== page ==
Drugs in Our Water

August 17, 2010
Category: Uncategorized

Thanks to the imagination of a school girl in WV, a growing appreciation exists of our exposure to pharmaceutical drugs in our water supply system. It was her school experiment after reading about drugs in Swiss lakes that sparked the US Geological Service to launch a survey of streams, rivers, lakes, and ponds. The results were startling to all; widespread contamination of our waters was present from pharmaceutical drugs dumped down drains, in the trash, and from commodes. Click here to read further http://www.parade.com/news/intelligence-report/archive/keep-drugs-out-of-the-water-supply.html.

However action remains limited on this issue nearly eight years later. Now with the recent report that the Center for Food Safety and the Institute for Agriculture and Trade Policy filed a petition with the Food and Drug Administration in December 2009 that called for an immediate withdrawal of arsenic-containing compounds in animal feed, comes further scrutiny of our exposure to drugs and to compounds such as arsenic in animal feed. You may be unaware that arsenic-containing compounds are widely used in chicken production. Most arsenic-containing animal feed additives are not used to treat sickness but are, instead, added  in poultry production to induce faster weight gain and create the appearance of a healthy color in meat from chickens (and to a lesser extent, turkeys and hogs). Arsenic is a known and powerful heavy metal and carcinogen. It is now well known that these feed additives lead to arsenic residue in conventionally raised chickens, those sold in supermarkets and served in restaurants across the country, and in the environment, putting our health and that of wildlife at risk.
Former FDA commissioner Dr. Donald Kennedy (appointed by Secretary Califano in the 1970s, neurophysiologist, and Stanford professor emeritus of environmental science) recently called in Congress to take a simple step to protect the health of all Americans. His call was to eliminate the use of non-therapeutic antibiotics in animal feed. He noted, click here to read further http://www.nytimes.com/2010/04/18/opinion/18kennedy.html, that the total number of antibiotics used in animal feed to promote their growth, continues to grow even after one antibiotic class, fluoroquinolones, was banned in 2005 from poultry feed. At present, seventy percent of all antibiotics are used in animal feed in the U.S.  Dr. Kennedy and other noted experts including Tufts University professor Dr. Stuart Levy, president of Alliance for the Prudent Use of Antibiotics, have warned about the growing correlation between drug-resistant infections and the overuse and abuse of antibiotics including their use in farm animal feed. At present there are over 2 million annual hospital acquired infections that kill up to 106,000 Americans each year. These unnecessary infections are more difficult than ever to treat thanks, in part, to the indiscriminate use of antibiotics in farm animals as well as the overuse in medical practice. Dr. Levy, director of the Center for Adaptation Genetics and Drug Resistance at Tufts University in Boston, spoke of the consequences of Sweden’s 1986 ban on antibiotics to promote livestock growth.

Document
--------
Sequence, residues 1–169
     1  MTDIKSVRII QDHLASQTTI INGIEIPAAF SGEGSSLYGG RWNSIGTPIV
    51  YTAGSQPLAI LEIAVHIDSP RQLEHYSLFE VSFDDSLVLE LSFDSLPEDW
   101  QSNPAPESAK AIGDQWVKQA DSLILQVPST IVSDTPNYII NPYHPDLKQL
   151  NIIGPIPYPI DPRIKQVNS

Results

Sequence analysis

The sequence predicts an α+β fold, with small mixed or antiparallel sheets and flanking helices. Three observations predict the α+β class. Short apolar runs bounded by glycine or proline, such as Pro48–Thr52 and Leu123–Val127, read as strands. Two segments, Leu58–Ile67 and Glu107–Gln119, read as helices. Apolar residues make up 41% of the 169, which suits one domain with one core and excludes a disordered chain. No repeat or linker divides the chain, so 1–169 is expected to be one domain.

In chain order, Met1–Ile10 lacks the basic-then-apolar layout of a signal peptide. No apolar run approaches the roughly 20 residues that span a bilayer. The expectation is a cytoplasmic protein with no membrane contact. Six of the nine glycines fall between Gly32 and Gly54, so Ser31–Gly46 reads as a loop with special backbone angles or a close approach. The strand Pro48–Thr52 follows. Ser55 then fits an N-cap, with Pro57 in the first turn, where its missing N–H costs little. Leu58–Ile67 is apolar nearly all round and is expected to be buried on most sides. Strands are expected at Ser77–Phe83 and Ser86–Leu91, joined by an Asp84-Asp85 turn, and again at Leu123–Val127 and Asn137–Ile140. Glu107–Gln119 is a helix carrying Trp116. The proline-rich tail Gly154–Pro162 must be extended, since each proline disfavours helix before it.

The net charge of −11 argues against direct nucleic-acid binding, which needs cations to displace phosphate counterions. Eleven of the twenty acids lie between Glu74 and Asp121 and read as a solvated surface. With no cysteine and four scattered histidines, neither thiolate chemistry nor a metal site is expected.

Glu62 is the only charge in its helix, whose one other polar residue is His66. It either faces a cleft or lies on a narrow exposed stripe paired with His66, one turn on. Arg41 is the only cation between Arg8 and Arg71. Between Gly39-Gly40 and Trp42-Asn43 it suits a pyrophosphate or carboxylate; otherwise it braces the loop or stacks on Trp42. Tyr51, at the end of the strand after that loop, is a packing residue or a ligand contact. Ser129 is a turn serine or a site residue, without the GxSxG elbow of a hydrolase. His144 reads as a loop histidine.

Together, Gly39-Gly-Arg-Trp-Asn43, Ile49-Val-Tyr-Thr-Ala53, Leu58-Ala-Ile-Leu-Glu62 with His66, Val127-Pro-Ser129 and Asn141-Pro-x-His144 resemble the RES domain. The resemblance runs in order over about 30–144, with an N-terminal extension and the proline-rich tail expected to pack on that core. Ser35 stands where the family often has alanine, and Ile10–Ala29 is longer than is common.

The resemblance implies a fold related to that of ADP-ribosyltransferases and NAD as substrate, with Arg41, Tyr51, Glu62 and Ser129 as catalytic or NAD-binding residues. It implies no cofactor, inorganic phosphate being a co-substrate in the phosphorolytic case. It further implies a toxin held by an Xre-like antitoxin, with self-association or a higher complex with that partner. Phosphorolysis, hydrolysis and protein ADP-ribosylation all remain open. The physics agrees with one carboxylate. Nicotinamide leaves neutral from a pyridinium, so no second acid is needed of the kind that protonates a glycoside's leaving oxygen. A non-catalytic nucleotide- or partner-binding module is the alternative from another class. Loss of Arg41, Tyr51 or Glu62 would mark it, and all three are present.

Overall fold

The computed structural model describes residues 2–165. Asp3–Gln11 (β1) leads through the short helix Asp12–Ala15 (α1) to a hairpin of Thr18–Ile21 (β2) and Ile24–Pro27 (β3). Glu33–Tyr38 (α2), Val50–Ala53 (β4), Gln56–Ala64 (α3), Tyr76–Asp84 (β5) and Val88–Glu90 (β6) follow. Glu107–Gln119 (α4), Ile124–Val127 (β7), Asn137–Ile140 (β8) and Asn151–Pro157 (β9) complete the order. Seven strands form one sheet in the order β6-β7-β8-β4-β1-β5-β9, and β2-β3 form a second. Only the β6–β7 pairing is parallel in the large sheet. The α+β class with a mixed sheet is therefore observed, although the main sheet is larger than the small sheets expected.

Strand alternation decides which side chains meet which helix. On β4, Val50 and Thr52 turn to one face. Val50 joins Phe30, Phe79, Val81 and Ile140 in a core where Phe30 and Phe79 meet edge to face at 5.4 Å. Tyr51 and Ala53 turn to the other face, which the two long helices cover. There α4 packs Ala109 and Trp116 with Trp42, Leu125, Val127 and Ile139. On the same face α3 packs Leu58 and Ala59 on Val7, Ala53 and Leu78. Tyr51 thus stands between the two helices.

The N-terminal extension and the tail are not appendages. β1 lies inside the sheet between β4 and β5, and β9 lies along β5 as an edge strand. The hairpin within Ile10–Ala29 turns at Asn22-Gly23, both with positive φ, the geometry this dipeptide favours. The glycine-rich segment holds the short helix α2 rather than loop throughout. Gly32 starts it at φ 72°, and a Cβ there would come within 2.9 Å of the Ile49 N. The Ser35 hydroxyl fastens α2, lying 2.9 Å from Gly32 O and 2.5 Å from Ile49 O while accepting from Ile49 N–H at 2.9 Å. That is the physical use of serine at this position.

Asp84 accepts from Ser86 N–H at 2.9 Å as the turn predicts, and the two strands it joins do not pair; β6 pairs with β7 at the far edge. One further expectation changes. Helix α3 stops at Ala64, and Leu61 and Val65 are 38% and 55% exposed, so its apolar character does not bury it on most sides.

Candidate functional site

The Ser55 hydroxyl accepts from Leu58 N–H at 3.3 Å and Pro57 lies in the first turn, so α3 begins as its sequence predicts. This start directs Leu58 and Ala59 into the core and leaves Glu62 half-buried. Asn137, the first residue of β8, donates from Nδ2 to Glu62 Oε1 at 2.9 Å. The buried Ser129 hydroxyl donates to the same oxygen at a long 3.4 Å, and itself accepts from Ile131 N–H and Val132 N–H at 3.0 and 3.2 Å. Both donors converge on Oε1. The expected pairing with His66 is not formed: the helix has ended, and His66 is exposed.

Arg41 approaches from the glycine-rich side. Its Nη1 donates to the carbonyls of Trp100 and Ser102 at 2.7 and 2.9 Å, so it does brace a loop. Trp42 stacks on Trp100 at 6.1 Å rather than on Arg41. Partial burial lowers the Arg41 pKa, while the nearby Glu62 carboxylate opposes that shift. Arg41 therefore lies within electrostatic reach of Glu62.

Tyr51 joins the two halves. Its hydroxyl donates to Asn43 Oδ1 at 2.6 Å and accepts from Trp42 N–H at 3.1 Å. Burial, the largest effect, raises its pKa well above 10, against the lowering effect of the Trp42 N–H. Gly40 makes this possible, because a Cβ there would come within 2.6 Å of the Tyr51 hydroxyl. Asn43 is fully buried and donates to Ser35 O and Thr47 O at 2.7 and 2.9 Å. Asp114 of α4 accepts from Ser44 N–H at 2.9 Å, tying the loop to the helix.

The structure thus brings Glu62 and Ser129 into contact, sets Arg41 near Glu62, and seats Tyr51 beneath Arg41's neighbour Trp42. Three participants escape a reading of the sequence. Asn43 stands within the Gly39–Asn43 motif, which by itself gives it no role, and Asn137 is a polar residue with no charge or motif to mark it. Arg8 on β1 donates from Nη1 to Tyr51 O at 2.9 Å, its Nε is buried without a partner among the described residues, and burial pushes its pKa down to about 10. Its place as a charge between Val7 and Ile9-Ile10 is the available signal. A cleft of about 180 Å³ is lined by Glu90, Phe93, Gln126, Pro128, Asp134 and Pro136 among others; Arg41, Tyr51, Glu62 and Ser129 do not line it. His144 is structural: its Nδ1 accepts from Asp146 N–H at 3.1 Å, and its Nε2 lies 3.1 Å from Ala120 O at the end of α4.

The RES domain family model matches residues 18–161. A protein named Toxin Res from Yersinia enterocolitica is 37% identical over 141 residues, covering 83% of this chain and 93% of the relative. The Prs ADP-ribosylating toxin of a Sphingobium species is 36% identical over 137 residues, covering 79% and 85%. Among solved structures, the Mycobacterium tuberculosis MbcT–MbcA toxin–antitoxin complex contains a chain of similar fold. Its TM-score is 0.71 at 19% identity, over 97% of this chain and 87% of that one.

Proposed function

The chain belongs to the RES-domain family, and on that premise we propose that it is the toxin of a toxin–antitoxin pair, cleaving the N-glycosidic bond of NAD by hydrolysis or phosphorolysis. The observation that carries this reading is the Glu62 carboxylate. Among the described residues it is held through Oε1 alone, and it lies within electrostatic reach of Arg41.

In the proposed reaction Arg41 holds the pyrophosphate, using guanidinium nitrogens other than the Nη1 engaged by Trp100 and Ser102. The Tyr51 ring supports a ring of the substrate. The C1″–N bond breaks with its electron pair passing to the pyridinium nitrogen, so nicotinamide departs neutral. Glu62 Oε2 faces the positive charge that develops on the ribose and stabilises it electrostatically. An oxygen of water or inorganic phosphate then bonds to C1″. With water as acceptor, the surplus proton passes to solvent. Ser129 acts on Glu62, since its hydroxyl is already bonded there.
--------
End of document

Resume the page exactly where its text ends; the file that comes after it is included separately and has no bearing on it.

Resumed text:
While infectious outbreaks in the first year increased the need for antibiotic therapy, Levy says, use of the drugs fell thereafter. Total antibiotic use for food animals in Sweden is now 55 percent lower than before the ban, according to a report to be published in the Alliance for the Prudent Use of Antibiotics Newsletter, click here to read further http://www.sciencenews.org/sn_arc98/7_18_98/fob7.htm. But again, this news has yet to raise alarm in government circles. As we now learn that substances are present in personal care products that never appear on the label, there is growing awareness of what’s in my water, what’s in my grilled chicken, what’s in my filet, and the list goes on. We spend enormous dollars within government agencies with the goal in mind to protect and educate consumers in order to make informed lifestyle choices. How is it possible that not only are these facts overlooked for decades but ignored when brought to light? Every consumer has the right to know about the mercury in their fish, the arsenic in their chicken, the antibiotics in their beef. Only then can consumers vote with their pocket-book and action within this nation’s agribusiness will change.
From Deborah A. Ray, MT(ASCP)
Copyright © 2010 Natural Health Science News. Permission granted to forward, copy, or reprint with date and attribution to Natural Health Science News.

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